Welcoming the report General Secretary of Church of North India has appealed to the Synodical and Diocesan Boards/Committees/Commissions of CNI to write to the Prime Minister of India Dr. Man Mohan Singh and the UPA Chairperson Smt. Sonia Gandhi to act on the recommendations of NCRLM by enacting appropriate legislation granting equal rights to Dalit Christians as Scheduled Castes.

Diocesan Youth Fellowship Council vows to proclaim “Lord is our Banner”

The Durgapur Diocesan Youth Fellowship Council was held on 31 August 2007 with 52 youth members from different pastorates at the St. Michael’s School auditorium, Durgapur . Mr. Daniel Thomas, Diocesan Secretary; Revd. N. C. Tudu, Diocesan Treasurer; Mr. Kamakhya Biswas, Secretary, DDYF; Revd. Swapan Dorman, President, DDYF; and Mr. Sudipta Singh , Programme Director, CNI Synod, graced the occasion.

Rev. Swapan Dorman referred to the healing of woman with hunch (Lk. 13: 10-17) to remind the youths of Jesus Christ’s humility to the sick and the suffering humanity and urged them to follow our Lord’s footprints. Mr. Daniel Thomas and Revd. N. C. Tudu acknowledged the contribution of Bishop, Rt. Revd. Dr. Probal Kanto Dutta toward reviving the youth fellowship of the Diocese which, only four years age, seemed to have lost zeal and spirit.

Rev. Sumanta Naru read selected chapters from the Bible to inspire the youths to become faithful and dedicated to Jesus Christ and to proclaim “Lord is my banner” while marching forward to rebuild a new society. Mr. Sudipta Singh impressed the youths with his lucid style and eloquent expression of a story that urged them to recognize their inherent spirit and think high toward shaping their destiny.

Church Leaders Demand Stop to Repression by Military in Burma2007  

Leaders of churches and Christian institutions in Delhi have called on the Christians around the world and the church organisations at global, continental and national levels to create awareness regarding the repression and brutalities by the Military Junta in Burma , and demanded that the international community exert pressure on the dictatorial Burmese government to restore democracy and human rights.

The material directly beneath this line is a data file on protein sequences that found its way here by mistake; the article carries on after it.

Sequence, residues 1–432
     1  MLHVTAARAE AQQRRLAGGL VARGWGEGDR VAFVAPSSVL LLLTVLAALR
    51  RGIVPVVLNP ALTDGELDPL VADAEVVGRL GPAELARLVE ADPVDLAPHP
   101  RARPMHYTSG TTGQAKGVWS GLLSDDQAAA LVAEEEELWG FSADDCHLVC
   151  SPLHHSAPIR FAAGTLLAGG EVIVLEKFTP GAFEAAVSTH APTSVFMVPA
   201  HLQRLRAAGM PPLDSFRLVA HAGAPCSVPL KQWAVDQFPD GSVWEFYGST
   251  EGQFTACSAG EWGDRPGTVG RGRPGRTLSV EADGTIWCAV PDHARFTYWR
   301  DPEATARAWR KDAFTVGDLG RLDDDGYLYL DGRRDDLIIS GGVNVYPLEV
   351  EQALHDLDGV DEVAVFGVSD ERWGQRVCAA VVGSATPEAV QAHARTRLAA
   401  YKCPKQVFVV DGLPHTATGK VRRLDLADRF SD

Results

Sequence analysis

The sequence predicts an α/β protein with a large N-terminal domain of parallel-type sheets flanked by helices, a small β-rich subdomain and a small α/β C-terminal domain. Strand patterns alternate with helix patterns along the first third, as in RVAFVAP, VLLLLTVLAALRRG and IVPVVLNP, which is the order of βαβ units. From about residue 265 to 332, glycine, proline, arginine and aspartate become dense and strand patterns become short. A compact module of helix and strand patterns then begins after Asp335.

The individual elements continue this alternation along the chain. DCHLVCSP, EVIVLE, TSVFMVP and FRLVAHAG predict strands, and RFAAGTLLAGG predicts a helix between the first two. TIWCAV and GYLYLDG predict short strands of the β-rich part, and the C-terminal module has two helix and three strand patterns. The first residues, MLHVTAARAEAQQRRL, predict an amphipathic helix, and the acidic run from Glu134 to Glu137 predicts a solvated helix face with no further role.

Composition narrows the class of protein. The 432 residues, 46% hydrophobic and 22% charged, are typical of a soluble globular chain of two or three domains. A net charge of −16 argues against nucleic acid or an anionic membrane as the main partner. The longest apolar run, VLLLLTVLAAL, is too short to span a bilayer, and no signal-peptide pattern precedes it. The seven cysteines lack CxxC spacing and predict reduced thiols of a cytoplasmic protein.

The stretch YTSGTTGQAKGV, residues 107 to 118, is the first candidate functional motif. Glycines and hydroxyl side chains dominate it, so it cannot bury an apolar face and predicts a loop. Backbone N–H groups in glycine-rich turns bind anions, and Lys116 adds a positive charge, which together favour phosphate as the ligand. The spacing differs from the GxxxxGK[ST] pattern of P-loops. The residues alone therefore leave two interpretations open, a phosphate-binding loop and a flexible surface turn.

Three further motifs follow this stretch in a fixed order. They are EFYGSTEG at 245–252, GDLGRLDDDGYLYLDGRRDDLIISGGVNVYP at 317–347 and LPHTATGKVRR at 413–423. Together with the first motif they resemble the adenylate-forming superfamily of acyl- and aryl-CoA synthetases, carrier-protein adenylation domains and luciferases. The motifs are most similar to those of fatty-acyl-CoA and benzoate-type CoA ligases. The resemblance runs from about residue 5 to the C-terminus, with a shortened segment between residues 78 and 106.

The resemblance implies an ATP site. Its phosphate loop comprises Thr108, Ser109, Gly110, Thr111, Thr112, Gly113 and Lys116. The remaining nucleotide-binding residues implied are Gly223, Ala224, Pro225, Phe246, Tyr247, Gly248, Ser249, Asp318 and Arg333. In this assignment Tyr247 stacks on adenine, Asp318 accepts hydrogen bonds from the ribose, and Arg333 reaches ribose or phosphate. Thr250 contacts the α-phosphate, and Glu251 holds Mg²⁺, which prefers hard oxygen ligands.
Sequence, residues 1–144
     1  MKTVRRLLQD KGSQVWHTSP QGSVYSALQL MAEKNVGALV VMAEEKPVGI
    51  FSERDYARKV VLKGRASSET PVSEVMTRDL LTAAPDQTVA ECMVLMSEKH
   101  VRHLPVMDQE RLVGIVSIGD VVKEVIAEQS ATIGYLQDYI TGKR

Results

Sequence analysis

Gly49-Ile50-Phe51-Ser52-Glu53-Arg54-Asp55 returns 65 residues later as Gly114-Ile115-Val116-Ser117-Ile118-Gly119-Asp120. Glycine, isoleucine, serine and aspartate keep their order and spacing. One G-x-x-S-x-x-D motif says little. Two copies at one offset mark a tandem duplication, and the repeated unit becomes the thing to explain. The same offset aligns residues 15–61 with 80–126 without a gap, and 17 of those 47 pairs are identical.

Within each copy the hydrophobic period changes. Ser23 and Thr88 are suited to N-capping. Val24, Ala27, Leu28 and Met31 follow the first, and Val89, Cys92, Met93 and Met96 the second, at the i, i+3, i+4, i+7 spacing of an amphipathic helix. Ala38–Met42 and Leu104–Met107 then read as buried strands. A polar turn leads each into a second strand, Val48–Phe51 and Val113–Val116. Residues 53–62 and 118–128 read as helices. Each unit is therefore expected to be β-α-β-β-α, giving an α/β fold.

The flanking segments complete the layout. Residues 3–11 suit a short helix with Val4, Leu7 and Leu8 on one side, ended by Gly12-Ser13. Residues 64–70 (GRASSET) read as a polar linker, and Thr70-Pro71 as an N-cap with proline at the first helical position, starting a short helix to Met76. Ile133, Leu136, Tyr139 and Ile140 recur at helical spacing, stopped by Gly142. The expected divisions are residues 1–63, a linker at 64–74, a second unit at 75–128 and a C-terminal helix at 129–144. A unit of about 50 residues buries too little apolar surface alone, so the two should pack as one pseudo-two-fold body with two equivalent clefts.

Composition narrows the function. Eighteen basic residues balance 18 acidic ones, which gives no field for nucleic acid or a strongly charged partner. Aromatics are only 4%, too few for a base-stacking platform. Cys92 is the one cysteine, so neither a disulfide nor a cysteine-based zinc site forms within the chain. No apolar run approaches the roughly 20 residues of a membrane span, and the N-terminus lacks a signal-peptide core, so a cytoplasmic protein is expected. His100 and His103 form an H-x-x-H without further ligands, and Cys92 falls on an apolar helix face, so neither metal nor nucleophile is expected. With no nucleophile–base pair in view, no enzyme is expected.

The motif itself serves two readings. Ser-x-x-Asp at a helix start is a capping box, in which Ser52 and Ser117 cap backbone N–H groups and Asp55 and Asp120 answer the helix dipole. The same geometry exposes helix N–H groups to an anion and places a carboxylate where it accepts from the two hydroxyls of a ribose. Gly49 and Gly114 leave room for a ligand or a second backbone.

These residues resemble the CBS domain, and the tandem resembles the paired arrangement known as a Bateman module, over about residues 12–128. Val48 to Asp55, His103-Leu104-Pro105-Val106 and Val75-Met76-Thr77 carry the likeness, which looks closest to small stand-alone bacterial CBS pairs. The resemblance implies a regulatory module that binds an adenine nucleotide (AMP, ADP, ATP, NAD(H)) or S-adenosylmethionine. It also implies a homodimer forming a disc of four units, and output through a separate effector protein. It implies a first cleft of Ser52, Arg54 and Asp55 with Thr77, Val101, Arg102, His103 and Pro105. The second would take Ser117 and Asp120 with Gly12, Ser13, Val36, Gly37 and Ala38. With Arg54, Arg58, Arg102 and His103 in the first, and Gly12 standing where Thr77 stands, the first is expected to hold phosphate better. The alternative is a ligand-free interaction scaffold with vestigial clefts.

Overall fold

The gathering of Christian leaders at the CNI Bhawan, New Delhi on Thursday 18th October 2007 heard the Burmese leaders in exile narrate details of the misrule by the successive military governments since 1962, and suspension of the political rights as well as the universal human rights of the people.

Dr. Tint Swe, MP of National League for Democracy elected in 1990, said that in absence of a constitutional framework to govern the country, the military has crushed the democratic aspirations of the people, plundered the natural resources, and the social and human development requirements of the people have been ignored and put on the back burner.

Ms. Thin Thin Aung of Women’s league of Burma said that the leaders of Karen, Mong, Shan, Kachin, Arakan and Chin minorities in exile have been meeting in Thailand to draft state and national Constitution providing a federal government structure.  Ms. Aung urged the people and the government of India to exert pressure on the Military Junta for a dialogue with the pro-democracy leader Aung San Suu Kyi for early restoration of democracy in Burma .

The representatives of the Chin, Kachin and Arakan minorities highlighted the discrimination experienced under the polity of ethnic cleansing adopted by the military to achieve Burmanisation of the population.

The meeting constituted an ecumenical core group to mobilise participation of Christian laity, clergy and programme beneficiaries of Christian institutions and organisations in Delhi in series of activities as candle light vigils, sit-ins, demonstrations, rallies, exhibitions, campus meetings, etc to demand action by the Indian government and the international  community to stop brutalities on Burmese people by the Military Junta.

The meeting was jointly organised by the Synod of the Church of North India and the Commission on Polity and National Governance of the National Council of Churches in  India.  

CNI Refuses Iftaar Party Invitation of President of India-2008